Zagreb

The city of Zagreb, capital of Croatia, on the historic and political threshold between East and West, illustrates both the continental and Mediterranean spirit of the nation it spearheads. Zagreb is the cultural, scientific, economic, political and administrative centre of the Republic of Croatia, and is home to the Croatian Parliament, Government and President. Its favourable location between the Pannonian plain, the edge of the Alps and the Dinaric range has allowed it to become a crossing point for mass international communication.

The city is protected from the cold northern winds by the mountain of Medvednica and opens up to the rest of the world thanks to a spacious plain and the Sava river. Zagreb, with a population of nearly one million, contains almost a quarter of the entire population of Croatia.

Zagreb as we know it today, which is to say its historical centre, dates back to the Middle Ages, and the settlements on two hills: secular Gradec, today known as the Upper Town; and ecclesiastical Kaptol. In the mid-13th century the Tatars ravaged Hungary and their king Béla IV fled to Zagreb where its citizens provided him with a refuge. In gratitude, in 1242 Béla gave Gradec a charter proclaiming it a free royal city. His generosity is symbolically reenacted every day by the blasting of the cannon at noon from the Lotrščak tower overlooking central Zagreb.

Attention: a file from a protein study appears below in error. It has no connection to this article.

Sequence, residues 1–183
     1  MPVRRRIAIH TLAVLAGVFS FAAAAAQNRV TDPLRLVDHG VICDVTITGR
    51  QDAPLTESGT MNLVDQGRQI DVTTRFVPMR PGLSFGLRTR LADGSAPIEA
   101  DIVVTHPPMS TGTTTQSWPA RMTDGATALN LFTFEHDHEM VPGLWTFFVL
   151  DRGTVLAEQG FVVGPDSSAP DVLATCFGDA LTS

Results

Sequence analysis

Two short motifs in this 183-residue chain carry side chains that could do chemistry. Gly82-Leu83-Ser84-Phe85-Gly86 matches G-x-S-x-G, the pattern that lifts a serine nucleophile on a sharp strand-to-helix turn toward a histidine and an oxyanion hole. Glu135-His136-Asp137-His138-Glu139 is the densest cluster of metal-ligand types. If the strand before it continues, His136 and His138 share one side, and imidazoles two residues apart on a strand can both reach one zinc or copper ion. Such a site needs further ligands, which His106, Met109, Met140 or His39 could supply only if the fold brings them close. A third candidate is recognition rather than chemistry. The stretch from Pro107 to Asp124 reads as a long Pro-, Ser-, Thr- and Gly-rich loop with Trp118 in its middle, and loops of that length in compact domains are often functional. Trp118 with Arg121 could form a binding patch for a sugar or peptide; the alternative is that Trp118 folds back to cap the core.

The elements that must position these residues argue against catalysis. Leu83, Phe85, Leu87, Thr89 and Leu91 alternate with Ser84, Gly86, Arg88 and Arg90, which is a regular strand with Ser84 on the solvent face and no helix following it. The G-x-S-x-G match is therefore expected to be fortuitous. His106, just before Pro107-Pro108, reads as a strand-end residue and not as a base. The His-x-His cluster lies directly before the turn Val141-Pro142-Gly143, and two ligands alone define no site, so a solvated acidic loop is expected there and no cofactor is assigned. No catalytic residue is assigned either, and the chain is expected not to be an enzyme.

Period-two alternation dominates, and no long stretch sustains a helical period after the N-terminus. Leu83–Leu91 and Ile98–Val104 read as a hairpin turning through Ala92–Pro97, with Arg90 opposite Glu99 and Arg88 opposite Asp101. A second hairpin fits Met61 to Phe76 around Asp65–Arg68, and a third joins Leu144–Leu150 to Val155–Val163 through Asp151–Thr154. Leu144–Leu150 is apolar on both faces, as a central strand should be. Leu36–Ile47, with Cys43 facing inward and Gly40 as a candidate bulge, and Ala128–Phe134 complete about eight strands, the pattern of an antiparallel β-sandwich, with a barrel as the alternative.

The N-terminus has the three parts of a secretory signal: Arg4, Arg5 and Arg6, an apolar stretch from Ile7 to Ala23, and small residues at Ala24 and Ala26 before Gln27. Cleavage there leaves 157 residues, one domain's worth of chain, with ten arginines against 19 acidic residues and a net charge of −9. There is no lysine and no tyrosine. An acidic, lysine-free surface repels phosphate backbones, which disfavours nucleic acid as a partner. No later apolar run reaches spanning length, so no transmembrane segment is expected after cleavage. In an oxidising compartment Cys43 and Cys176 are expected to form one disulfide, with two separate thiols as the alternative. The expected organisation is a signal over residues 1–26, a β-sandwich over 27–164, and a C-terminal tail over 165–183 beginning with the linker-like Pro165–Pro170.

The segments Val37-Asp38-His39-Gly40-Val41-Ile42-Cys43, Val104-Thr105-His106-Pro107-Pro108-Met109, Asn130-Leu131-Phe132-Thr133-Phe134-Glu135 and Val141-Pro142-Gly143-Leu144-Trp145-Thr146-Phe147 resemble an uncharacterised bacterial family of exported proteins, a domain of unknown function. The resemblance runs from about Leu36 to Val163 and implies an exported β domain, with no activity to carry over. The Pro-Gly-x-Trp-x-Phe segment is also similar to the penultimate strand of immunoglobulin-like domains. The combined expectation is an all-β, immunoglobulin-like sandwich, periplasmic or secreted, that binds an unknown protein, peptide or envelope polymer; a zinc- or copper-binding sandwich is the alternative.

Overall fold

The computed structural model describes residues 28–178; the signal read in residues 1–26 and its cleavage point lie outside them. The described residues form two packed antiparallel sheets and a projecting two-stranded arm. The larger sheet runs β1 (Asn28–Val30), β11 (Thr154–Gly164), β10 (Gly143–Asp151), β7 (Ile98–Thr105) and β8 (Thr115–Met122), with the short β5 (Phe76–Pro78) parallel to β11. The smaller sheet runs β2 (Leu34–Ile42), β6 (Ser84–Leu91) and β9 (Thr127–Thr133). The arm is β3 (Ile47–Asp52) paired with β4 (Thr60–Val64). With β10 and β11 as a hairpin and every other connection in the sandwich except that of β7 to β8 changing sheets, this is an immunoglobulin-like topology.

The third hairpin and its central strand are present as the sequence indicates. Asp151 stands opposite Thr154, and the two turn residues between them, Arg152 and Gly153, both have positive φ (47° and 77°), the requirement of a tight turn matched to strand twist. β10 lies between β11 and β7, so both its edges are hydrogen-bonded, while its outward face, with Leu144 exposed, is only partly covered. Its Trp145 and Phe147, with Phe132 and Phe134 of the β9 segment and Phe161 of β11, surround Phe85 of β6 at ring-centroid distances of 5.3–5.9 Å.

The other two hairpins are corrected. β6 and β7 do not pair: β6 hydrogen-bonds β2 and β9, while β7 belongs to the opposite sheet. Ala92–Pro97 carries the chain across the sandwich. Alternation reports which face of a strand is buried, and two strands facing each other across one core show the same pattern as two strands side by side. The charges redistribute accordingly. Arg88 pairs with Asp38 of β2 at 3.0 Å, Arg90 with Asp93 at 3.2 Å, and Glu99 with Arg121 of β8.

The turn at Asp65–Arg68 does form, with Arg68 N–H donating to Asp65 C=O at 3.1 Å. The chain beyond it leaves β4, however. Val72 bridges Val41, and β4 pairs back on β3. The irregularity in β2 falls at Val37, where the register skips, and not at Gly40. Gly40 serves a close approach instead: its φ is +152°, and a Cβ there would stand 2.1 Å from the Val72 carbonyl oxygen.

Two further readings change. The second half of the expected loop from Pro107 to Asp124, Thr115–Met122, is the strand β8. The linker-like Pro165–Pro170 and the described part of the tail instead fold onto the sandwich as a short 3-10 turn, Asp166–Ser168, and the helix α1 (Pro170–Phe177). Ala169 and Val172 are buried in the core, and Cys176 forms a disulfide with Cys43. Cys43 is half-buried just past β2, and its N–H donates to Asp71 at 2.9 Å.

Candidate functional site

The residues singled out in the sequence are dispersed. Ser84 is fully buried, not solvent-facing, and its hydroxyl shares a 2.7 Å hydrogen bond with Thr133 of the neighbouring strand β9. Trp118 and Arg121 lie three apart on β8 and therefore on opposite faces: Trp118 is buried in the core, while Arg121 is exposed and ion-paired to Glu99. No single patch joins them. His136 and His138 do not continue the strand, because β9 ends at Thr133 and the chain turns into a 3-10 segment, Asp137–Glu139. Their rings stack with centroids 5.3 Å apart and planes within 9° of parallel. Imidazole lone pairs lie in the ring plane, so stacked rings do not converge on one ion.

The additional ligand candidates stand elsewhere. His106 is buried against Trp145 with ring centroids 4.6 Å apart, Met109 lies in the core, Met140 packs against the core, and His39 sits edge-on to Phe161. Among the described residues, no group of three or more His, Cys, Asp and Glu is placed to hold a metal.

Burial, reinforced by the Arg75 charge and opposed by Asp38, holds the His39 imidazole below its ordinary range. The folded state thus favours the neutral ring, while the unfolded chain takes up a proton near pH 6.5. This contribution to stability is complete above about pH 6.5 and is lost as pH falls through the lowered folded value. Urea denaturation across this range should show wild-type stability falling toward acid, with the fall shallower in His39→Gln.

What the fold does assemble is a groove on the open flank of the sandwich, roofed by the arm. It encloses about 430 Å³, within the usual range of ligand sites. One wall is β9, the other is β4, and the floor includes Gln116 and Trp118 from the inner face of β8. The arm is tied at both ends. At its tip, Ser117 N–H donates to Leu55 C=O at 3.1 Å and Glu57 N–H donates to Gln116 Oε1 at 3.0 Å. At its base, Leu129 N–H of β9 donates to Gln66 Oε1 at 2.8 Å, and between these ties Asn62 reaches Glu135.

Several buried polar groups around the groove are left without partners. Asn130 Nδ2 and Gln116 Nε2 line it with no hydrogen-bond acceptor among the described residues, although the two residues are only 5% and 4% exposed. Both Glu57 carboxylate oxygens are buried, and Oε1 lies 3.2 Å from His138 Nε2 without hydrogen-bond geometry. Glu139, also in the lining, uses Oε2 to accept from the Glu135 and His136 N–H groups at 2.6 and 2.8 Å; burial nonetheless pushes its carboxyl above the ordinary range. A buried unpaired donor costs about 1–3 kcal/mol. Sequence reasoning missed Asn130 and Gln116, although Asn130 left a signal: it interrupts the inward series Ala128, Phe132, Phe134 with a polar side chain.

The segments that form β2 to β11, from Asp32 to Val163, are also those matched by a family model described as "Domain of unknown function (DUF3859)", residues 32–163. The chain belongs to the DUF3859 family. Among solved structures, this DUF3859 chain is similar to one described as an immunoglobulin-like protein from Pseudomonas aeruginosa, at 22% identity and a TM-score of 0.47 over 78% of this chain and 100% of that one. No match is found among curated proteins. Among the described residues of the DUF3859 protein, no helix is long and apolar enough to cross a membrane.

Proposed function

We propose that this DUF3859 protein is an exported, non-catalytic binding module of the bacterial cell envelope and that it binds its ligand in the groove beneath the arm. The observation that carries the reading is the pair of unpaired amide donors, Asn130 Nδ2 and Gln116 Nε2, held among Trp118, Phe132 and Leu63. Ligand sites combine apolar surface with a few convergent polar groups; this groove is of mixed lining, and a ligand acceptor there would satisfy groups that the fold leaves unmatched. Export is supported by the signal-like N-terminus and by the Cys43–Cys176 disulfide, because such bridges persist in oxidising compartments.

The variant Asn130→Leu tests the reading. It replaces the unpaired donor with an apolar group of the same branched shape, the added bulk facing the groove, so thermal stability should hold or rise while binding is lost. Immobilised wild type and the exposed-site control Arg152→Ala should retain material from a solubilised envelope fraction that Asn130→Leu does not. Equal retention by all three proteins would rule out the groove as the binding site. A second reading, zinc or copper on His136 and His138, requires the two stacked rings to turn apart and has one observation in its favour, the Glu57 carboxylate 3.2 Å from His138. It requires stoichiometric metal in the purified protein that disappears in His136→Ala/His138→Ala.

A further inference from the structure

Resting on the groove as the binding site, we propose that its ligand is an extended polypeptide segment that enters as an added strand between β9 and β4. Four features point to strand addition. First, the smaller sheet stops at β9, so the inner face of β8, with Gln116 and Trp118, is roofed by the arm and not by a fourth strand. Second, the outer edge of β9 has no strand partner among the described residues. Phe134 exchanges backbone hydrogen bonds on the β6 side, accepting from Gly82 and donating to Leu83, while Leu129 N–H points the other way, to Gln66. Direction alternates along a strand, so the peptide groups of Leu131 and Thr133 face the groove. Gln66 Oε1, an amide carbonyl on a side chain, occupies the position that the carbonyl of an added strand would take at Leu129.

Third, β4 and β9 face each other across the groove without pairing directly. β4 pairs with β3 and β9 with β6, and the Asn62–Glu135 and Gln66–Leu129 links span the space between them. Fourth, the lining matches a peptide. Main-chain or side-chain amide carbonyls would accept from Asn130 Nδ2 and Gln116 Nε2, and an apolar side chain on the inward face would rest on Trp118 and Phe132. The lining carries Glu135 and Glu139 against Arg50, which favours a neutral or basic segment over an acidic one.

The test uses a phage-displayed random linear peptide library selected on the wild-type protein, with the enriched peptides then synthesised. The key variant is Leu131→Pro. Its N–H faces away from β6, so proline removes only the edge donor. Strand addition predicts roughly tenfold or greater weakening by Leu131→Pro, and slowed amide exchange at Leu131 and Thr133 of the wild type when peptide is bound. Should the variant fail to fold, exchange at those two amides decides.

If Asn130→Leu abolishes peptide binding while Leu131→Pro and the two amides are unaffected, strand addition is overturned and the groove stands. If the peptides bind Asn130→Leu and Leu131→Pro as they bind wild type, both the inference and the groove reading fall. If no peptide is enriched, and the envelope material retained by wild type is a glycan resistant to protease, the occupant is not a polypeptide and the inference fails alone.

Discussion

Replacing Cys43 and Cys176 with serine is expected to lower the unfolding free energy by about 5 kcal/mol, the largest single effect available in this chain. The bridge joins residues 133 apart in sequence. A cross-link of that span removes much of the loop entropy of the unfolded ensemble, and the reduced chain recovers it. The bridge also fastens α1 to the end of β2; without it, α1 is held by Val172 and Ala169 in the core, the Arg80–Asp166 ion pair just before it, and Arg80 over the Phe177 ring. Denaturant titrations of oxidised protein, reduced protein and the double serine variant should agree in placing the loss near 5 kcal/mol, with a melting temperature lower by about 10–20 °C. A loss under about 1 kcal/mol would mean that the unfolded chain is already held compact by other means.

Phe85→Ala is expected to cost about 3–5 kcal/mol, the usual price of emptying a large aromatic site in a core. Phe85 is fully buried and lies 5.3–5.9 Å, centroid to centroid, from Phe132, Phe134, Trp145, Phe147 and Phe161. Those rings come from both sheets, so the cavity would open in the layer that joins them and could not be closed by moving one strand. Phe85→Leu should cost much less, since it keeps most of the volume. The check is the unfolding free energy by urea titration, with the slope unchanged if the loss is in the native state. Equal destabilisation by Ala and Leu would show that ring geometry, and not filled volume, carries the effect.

You can find spaces for recreation almost anywhere around Zagreb. Also within easy reach we find Medvednica, a popular destination for outings. Right in the city centre, parks, streets and squares intersect with green spaces and gardens.

Zagreb enjoys a rich cultural life. Around 30 theatres are active in the city, some with regular programmes, some occasional. Along with some 30 museums, a large number of galleries and many theatre, music and dance festivals all combine to make Zagreb a city of art.
 
The main square of Ban Josip Jelačić is the heart of the city and a meeting point for all Zagreb citizens. Zagreb can be described as a city with the biggest lounge. The moment the sun appears in the sky in spring, restaurant, café and coffeehouse terraces open for custom. Streets become promenades, places to get a cup of coffee, relax or have a business meeting. 

GASTRONOMY
The gastronomic selection in Zagreb comprises a rich combination of many cuisines.
Štrukli is one of the authentic dishes anyone in Zagreb would recommend. There are several different ways of preparation so it can be cooked or baked, sweet or salty. Turkey with mlinci pasta strips is one of the traditional meals of inland Croatia. There is also Zagreb steak, a piece of fried veal filled with cheese and ham, somewhat similar to its renowned Vienna counterpart. We recommend you visit one of the numerous restaurants that offer regional cuisine.


A combination of Mediterranean cordiality and northern business sense make any visitor feel welcome.